Formation of a rough film of crystalline material on a smooth substrate resulting from kinetic roughening in epitaxy or erosion causes disproportionate changes in reflectivity for s- and p-polarized light. I present a mean-field theory of optical reflectivity difference defined as (rp-r p0)/rp0-(rs-rs0)/r s0≡Δp-Δs from such a rough film, with rp0 and rs0 being the reflectivities of the bare substrate, and rp and rs being the reflectivities after the rough film forms on the substrate. In the limit that the average film thickness is less than the optical wavelength λ, I found that Δp - Δs consists of a term that varies linearly with the average film thickness and a term that is proportional to the surface density of step edge atoms. I apply such a theory to the analysis of growth and ion erosion of a number of crystalline materials studied with the oblique-incidence optical reflectivity difference (OI-RD) technique.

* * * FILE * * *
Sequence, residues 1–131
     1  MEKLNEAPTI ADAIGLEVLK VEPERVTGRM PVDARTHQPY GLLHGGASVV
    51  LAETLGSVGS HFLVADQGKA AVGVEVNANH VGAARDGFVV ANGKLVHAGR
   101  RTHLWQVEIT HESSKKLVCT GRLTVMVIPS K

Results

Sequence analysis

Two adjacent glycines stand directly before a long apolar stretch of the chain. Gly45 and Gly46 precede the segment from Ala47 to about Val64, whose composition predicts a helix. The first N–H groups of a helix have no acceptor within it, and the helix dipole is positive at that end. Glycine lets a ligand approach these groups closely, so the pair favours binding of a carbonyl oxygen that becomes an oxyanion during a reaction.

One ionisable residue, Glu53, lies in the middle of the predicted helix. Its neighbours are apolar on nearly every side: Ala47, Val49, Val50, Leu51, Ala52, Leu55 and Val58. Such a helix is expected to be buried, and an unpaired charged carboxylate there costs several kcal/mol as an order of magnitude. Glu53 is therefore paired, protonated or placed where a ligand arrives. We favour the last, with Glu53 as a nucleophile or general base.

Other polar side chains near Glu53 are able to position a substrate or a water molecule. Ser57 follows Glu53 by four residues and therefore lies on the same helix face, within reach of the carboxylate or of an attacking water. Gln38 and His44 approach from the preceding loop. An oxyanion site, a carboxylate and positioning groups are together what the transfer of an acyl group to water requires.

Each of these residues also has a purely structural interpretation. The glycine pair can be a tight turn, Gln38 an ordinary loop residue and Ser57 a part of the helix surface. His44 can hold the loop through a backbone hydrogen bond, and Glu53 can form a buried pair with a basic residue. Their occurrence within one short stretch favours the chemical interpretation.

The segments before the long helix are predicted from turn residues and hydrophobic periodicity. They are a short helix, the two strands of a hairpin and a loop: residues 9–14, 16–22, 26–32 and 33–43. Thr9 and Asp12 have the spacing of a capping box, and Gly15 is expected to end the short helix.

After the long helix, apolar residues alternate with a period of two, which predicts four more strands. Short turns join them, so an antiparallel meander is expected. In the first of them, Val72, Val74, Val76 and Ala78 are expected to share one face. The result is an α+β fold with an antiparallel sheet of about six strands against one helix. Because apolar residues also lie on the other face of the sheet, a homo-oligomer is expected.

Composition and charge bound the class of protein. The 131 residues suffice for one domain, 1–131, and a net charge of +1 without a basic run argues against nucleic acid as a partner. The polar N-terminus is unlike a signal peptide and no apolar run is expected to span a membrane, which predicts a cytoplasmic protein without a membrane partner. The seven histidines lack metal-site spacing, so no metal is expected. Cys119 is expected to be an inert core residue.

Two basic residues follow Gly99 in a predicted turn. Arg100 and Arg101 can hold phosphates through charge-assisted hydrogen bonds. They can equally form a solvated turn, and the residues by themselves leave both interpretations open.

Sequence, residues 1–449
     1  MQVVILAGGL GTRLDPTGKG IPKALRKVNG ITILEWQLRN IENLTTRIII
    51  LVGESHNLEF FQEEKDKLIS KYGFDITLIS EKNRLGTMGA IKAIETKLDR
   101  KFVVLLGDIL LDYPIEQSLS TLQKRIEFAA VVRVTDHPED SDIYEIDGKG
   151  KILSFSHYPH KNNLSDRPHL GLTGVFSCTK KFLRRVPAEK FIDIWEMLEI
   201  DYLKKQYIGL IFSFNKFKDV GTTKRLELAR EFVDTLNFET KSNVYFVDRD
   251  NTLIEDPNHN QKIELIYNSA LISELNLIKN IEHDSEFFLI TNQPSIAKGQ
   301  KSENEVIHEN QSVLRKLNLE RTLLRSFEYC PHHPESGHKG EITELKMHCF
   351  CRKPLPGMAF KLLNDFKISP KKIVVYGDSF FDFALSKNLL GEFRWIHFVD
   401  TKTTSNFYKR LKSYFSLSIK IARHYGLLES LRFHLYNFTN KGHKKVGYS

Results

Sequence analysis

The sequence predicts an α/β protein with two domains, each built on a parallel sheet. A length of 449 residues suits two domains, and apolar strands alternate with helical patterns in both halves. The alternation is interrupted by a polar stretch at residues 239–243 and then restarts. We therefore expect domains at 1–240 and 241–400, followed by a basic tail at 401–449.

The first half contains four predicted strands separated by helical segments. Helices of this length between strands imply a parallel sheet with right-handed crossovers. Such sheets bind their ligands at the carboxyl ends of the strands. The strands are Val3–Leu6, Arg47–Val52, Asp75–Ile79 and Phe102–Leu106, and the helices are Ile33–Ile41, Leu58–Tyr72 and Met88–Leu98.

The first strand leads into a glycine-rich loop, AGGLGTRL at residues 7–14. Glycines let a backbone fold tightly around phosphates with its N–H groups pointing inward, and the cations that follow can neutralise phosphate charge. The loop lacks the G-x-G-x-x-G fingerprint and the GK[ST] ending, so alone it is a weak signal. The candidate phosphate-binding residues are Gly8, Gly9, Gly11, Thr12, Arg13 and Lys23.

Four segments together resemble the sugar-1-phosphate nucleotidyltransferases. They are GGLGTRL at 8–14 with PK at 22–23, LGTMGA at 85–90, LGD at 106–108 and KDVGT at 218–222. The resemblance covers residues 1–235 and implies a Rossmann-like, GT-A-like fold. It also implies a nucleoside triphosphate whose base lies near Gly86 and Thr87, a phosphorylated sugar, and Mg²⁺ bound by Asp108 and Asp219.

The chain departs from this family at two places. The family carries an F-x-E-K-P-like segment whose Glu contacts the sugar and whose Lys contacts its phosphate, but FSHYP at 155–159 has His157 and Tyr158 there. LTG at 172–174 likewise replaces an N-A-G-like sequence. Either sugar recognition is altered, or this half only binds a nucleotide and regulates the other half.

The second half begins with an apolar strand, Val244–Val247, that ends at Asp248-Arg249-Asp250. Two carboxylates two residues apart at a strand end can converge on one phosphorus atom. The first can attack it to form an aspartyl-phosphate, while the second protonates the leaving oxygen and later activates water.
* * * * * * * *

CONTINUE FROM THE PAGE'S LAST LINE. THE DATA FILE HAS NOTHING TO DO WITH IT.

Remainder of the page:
|Original language||English (US)|
|Number of pages||5|
|Journal||Physical Review B - Condensed Matter and Materials Physics|
|State||Published - Mar 2004|
ASJC Scopus subject areas
- Condensed Matter Physics